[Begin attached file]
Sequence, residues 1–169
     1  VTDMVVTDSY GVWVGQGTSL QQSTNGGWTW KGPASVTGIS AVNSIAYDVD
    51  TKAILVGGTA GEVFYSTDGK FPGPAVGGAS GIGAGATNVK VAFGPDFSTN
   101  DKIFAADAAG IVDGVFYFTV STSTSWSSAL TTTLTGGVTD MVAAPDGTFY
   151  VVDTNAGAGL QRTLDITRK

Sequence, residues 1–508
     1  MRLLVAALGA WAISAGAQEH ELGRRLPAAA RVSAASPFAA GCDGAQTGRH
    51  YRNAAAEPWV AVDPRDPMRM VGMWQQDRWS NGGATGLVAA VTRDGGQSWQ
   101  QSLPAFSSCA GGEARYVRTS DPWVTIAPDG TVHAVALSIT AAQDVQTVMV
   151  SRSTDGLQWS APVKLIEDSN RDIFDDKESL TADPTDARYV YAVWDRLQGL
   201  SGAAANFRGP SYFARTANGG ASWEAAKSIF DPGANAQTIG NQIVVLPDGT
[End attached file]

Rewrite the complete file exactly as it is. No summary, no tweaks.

Sequence, residues 1–169
     1  VTDMVVTDSY GVWVGQGTSL QQSTNGGWTW KGPASVTGIS AVNSIAYDVD
    51  TKAILVGGTA GEVFYSTDGK FPGPAVGGAS GIGAGATNVK VAFGPDFSTN
   101  DKIFAADAAG IVDGVFYFTV STSTSWSSAL TTTLTGGVTD MVAAPDGTFY
   151  VVDTNAGAGL QRTLDITRK

Sequence, residues 1–508
     1  MRLLVAALGA WAISAGAQEH ELGRRLPAAA RVSAASPFAA GCDGAQTGRH
    51  YRNAAAEPWV AVDPRDPMRM VGMWQQDRWS NGGATGLVAA VTRDGGQSWQ
   101  QSLPAFSSCA GGEARYVRTS DPWVTIAPDG TVHAVALSIT AAQDVQTVMV
   151  SRSTDGLQWS APVKLIEDSN RDIFDDKESL TADPTDARYV YAVWDRLQGL
   201  SGAAANFRGP SYFARTANGG ASWEAAKSIF DPGANAQTIG NQIVVLPDGT